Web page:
Complying to the request of DMR SEKHAR I have collated information on Thiruvalluvar I hope that those who are keen to know more about him will enjoy reading this.
Even today all children in Tamil Nadu learn the Kural as part of their syllabus. Public transports carry these messages prominently and most literate persons can quote them.
My blog carries translations selected and simplified from an autographed book written by G. Vanmikinathan and published by the Tirukural Prachar Sangh, Chennai in 1969. The late author was a friend of my family and I am sure he would not mind that I have adapted from his translation. His idea was that the Kural should reach as many people as possible.
The book has a list of writers who have translated the Kural from Kindersley in 1794 to Yogi Suddhananda Bharati in 1968. It also has an impressive quote by Albert Schweitzer from his book ‘Indian Thought And Its Development. 1951 .’
“With sure strokes the Kural draws the ideal of simple ethical humanity. On the most varied questions concerning the conduct of man to himself and to the world its utterances are characterized by nobility and good sense. There hardly exists in the literature of the world a collection of maxims in which we find so much lofty wisdom”
Thiruvalluvar (4th or 5th c AD) was a householder who probably worked under a king. According to some legends he was a weaver. A shrine at Mylapore in Chennai sems to suggest he lived there sometime. His wife’s name is Vasuki. He wrote the kural in 1320 verses. The kural verses have seven feet. The verses sometimes have no subject, predicate or case-endings. ‘Quite a lot is left unsaid or referred to cryptically.’ They are moral aphorisms and a guide to man for leading a righteous life. The most authentic commentary on the kural is by Parimel azagar (13th C approx).
If man leads his life according to the thoughts expressed here he will be following a true religion. Anyone can follow this religion. The kural is considered the Tamil Veda. ‘The kural has to be interpreted strictly in accordance with the social economic political and religious conditions of the time it was written.’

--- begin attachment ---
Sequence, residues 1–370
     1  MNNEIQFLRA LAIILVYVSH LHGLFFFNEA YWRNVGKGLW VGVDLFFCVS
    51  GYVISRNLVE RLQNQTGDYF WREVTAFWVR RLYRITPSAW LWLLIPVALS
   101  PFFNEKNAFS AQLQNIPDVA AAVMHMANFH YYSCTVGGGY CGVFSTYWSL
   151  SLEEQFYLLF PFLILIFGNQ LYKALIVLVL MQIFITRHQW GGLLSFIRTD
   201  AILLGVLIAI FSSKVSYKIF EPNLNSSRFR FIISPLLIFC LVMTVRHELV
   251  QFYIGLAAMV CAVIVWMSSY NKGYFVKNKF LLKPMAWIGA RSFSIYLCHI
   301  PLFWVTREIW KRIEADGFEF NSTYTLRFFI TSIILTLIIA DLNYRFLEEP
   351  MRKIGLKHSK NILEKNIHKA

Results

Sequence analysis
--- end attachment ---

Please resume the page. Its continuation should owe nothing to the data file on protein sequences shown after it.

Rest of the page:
Hindu Dharma- The Universal Way of Life –Voice of the Guru Pujya sri Chandrasekharendra Sarasvati Svami Bharatiya Vidya Bhavan translated by RGK
In another book from my library written by my beloved friend and mentor late RGK, I found this reference to Valluvar.
“After composing his kural, Tiruvalluvar went to
The government of Tamilnadu has a website on this subject. Here is what I found there.
Tirukkural is a work of 1330 couplets each of which conforms to the structure of "Kural Venba", a grammatical construction with two lines of four and three words respectively. The work is arranged in 133 Adhikarams, each with 10 couplets. The 133 Adhikarams are divided into three major groups known as "
40 couplets on God, Rain, Virtue and Ascetics
200 couplets on Domestic Virtue
140 couplets on Higher Virtue based on Grace
250 couplets on Royalty
100 couplets on Ministers of State
220 couplets on the Essential requirements of Administration
130 couples on Morality, both positive and negative
250 couplets on Human Love and Passion
The statue of Saint Tiruvalluvar greets visitors at Kanyakumari, the southernmost tip of
Thank you DMR. How interesting! I shall certainly do some research on this.
I am sorry for the delayed comment. Tamil is the oldest language of India whereas Sanskrit is an Indo European language developed probably during the last phase or after the destruction of culture of Harappa. It is important to note that Harappan culture is essentially Dravidian. I am really interested to know if original Vedic hymns are in Tamil or some such Dravidian [eg Brahui spoken even today by some people in Baluchisthan] language.